PeterMollenburg wrote: … Speakeasy- I do convey some kind of immorality to the forces disturbing the balance.
Do you not see the inconsistency, not to mention the moral equivocating, of this position? How was this hallowed balance achieved? What made the establishment of the balance more morally acceptable than its disturbance? Your moralizing on the matter as is inconsistent as it is untenable.
Speakeasy wrote: You have not spoken to the question of the mass human migrations which have been taking place since the latter half of the twentieth century and which are predicated to accelerate throughout much of the twenty-first century. You have not addressed the linguistic impacts that these population shifts will have on the receiving communities.
No, I haven't. I didn't intend to.
Peter, you were the individual who chose to respond to the OP’s post by dragging out the old saw of colonization and (in your mind) the most horrific of legacies, the current dominance of the English language. Your refusal to comment on the current disruptions
to the “balance” exemplifies, perfectly, your own, unsustainable biases. You have done nothing more than “picked sides” in an unending saga of interaction between linguistic groups.
PeterMollenburg wrote: Well, I was using it as an example to provide evidence that protecting a language via laws (regardless of who granted that possibility) can do just that - protect it. I'm all for protecting indigenous languages...
I would not expect you, or anyone else on the forum, to be well-informed on the history of New France and British North America and the legacies that these two “founding nations” had on the linguistic mosaic of present-day Canada and Québec. Very briefly, by the Treaty of Paris, Great Britain agreed to not interfere with the French colonists’ use of their native language or their religion in New France. These rights were confirmed in 1791, in 1841, once again in 1867, and the country became officially bilingual in 1963, not in response to a demand from Quebec, but as an gesture meant to promote linguistic peace and harmony within the nation. Historically, the post-unification French (Québécois) colonizers chose to isolate themselves from the English population which, in Québec, has always been a small minority.
The official policy adopted the clergy, which controlled much of the daily life of the inhabitants, was the “revenge of the cradle” whereby the French population hoped to displace the small number of British and Scottish immigrants by increasing their linguistic and cultural dominance, something that the arriving immigrants never challenged. They even went so far as to deny access to their school system by all immigrants, save for the few French immigrants of which there were virtually none, and to counsel the French population not to conduct commerce with the English, nor to go into business for themselves as this was a English-dominated road to iniquity. This disastrous and self-destructive policy led to (a) widespread poverty amongst the Québécois (23 children per family was not unusual) the offspring of whom, in order to seek a decent living, emigrated to the United States in very large numbers, thereby reducing their demographic imprint, (b) the “assimilation” of new arrivals by the English population who made room for the immigrants in their separately-run school system, (c) the guaranteed dominance of the English and Scottish immigrants in the commercial sector, and (d) the unilingual “Two Solitudes” of the English and French populations, neither of which deigned to learn each other’s language.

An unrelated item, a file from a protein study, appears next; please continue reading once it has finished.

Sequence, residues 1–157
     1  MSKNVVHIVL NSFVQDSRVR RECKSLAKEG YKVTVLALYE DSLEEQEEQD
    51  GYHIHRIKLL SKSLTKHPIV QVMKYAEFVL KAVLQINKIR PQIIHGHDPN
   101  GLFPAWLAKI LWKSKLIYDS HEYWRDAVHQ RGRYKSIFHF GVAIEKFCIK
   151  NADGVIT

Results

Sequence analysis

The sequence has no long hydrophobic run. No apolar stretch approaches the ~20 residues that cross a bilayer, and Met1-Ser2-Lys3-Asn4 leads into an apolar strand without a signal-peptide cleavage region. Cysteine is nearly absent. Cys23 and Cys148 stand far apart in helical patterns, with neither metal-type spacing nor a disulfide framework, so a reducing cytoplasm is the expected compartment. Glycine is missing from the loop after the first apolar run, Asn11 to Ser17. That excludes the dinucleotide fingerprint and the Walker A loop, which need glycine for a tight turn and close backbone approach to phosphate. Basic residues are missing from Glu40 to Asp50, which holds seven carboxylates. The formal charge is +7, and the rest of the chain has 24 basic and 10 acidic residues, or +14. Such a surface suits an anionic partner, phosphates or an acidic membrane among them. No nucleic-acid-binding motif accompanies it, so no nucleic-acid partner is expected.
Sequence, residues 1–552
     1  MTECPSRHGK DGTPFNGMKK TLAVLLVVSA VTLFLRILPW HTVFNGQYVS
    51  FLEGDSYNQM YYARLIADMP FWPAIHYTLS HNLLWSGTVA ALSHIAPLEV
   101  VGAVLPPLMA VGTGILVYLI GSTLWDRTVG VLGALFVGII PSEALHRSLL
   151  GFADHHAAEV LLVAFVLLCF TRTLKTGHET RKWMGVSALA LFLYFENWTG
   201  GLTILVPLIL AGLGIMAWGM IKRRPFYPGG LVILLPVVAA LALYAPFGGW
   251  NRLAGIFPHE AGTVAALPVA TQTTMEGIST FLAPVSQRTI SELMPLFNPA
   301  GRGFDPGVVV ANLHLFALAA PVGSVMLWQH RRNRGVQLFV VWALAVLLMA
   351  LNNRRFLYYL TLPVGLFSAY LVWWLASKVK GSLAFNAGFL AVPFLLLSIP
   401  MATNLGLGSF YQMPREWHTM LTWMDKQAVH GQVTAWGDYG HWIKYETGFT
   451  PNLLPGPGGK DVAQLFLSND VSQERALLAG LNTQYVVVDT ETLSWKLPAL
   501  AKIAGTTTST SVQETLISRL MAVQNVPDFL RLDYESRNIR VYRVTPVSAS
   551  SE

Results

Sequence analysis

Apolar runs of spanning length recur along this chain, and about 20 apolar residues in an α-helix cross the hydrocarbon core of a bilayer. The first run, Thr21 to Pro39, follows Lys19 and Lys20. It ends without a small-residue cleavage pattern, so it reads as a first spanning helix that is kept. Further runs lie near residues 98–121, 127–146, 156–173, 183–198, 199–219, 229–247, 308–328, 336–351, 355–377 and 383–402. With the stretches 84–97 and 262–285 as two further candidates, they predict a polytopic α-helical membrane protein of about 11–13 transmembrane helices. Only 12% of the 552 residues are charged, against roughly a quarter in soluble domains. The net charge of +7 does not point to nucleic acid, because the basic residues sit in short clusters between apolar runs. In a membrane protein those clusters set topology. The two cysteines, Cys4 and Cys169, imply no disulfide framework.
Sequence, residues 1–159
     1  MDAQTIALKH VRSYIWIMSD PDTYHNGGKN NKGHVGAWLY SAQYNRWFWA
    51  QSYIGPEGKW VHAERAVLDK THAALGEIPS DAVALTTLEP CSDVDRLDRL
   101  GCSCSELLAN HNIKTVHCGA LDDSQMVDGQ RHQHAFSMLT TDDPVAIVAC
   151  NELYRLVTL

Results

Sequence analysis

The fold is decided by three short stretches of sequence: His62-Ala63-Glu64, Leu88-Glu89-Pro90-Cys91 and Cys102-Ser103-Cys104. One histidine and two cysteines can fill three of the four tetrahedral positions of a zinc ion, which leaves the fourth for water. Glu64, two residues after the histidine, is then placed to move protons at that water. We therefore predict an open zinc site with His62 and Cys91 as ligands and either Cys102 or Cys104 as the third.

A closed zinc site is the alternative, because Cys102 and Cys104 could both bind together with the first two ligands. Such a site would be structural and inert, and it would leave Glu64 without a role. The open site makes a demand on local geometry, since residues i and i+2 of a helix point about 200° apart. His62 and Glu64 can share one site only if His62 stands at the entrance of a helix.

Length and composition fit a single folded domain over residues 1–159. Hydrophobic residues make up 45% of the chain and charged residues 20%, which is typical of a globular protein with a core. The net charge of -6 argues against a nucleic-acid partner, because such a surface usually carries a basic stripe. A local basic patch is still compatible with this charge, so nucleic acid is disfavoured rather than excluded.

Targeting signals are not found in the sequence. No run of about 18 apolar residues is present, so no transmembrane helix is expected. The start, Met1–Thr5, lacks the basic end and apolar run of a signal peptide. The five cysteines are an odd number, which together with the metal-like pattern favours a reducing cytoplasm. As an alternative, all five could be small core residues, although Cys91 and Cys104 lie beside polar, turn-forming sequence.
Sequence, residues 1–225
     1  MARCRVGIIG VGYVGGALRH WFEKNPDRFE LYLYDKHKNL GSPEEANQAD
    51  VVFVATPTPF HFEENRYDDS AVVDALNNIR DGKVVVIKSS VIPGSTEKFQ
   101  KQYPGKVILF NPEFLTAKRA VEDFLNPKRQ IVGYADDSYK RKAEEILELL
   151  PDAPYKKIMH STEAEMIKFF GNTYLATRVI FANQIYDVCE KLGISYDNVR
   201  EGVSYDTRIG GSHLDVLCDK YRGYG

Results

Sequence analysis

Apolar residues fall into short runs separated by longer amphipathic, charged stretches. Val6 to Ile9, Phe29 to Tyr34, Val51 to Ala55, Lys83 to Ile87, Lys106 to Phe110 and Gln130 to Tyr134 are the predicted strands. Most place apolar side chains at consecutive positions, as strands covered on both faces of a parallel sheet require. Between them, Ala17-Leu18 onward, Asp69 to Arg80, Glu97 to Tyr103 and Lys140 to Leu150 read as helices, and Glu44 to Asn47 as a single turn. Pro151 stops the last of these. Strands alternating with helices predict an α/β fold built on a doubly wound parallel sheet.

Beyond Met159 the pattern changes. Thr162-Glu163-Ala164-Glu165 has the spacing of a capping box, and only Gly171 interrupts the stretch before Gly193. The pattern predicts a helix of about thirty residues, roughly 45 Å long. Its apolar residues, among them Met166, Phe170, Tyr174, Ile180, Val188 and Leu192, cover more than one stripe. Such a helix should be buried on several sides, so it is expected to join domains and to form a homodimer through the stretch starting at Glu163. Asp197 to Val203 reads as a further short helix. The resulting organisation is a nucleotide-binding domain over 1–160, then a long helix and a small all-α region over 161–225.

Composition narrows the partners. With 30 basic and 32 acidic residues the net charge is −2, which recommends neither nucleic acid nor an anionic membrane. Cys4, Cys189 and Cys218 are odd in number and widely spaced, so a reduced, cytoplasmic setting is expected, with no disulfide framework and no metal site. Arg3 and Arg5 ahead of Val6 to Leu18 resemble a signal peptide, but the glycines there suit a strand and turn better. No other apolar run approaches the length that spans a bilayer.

During the 1960’s “quite revolution”, leading Québécois educators and politicians came to the realization that their century’s long policy of isolation was not preparing the province to face the future. Birth rates were declining, as was the level of immigration, and the few immigrants who did choose to settle in Québec were frozen out of the French language school system. This led to anxieties over the possible assimilation of the French into the greater North American English culture. Although the ROC (Rest of Canada) was identified as the bogeyman, the real fear was of the massive impact of American cultural dominance. To address the situation, within a decade, the Québec government adopted “La Charte de la langue française” which imposed severe restrictions on the use of English in the province and the mandatory attendance by virtually all immigrants, even internal immigrants, in French language schools. Although the linguistic rights of great swaths of the population, which were otherwise guaranteed under the Canadian Constituion, were abolished, as a gesture of goodwill, the Federal Government chose not to challenge the new Québec language laws before the Supreme Court of Canada (historians agree that the Court would have struck down the language laws). Perhaps this was necessary; however, it was a major disservice to all other linguistic communities in the province and it did nothing to protect or to advance the status of indigenous languages.
So, in a word, if you want to champion the Québec language laws, I suggest that you inform yourself before sounding off.